A connected toothbrush that gives you a virtual checkup every time you brush – is that weird, or near-term reality?
I recently came across the article “25 Weirdest Things in the ‘Internet of Things’” in InfoWorld, which focuses on the different – and what many might consider unorthodox – ways in which the Internet is now playing a part in our everyday lives. The article outlines the many things that could someday be connected to the Internet, and the chain reaction that these connections(and their insights) will have.
As I said in one of my previous posts: a drop of water is a great metaphor for the Internet of Everything (IoE). Like a single drop of water, a single person, bit of data, or thing connected with billions of other people, data, and things can also shape the face of our planet. But, are these connected items all that strange? Or do we consider them weird only because we haven’t thought of them in the context of IoE?
Cisco recently explored how the connections created by connecting the previously unconnected will impact our daily lives. Not a day (or even an hour) goes by when I don’t look at an object and consider how it will connect to the Internet and provide us with information that can improve the world in which we live.
As the InfoWorld article noted, the possibilities are endless. Just look in front of you – what do you see that might someday be connected?
Shopping carts – What is your current grocery store routine? Most likely, it includes picking up your pantry staples and then making dashes across aisles to find the other items on your list. Imagine walking into a supermarket and synching your list with the shopping cart. By connecting your shopping list with both inventory as well as location data of other shoppers, the cart can lead you along the most efficient path, making sure you get what you need. And if the item you need is sold out, the cart’s connection to store inventory can even recommend an alternative. For more information on connected supermarkets, see Cisco IBSG’s retail white paper, “Catch ‘Em and Keep ‘Em.”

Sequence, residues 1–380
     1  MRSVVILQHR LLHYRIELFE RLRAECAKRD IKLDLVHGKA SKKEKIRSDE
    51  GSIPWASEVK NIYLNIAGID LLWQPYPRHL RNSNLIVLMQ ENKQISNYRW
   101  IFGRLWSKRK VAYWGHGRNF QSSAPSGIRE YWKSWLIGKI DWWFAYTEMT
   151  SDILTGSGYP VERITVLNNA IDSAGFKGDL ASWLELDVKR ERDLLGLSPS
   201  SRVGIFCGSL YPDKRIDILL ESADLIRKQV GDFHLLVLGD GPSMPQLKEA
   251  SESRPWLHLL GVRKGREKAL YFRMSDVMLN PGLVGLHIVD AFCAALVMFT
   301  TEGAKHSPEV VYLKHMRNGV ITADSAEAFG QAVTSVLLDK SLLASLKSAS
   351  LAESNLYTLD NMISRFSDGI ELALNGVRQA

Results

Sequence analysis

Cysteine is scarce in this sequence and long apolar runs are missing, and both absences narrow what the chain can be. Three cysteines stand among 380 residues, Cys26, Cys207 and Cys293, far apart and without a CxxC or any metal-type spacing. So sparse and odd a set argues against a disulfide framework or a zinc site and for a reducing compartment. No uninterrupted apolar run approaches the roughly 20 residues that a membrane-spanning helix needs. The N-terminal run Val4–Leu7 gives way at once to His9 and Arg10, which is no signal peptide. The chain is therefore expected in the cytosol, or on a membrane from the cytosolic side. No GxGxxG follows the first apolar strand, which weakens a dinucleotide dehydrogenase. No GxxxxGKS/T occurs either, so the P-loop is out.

Mail – In the age of online bill payments and e-cards, snail mail has become theoretically obsolete; yet, most households still use traditional mail. By connecting pieces of mail with sensors in mailboxes and the Internet, we could track when important things arrive in our household mailboxes or PO boxes. Senders would know when mail has been delivered, and recipients could see what is in their mailboxes without physically having to check.
Smart grid – Imagine a world where electric vehicles dominate transportation. To ensure that enough power is supplied to vehicle charging stations during major events that attract large audiences, multiple devices must be connected, with the ability to communicate where to send that power. Take, for example, a concert or major sporting event where 50,000 cars pull into the venue or stadium parking lot and need to recharge during the event or before leaving. A smart grid can sense and even predict this influx of electric vehicles, and then redirect energy to support the increased load at the venue’s charging stations.
Just look around – what insights could you gain from the things around you if they were connected to the Internet?
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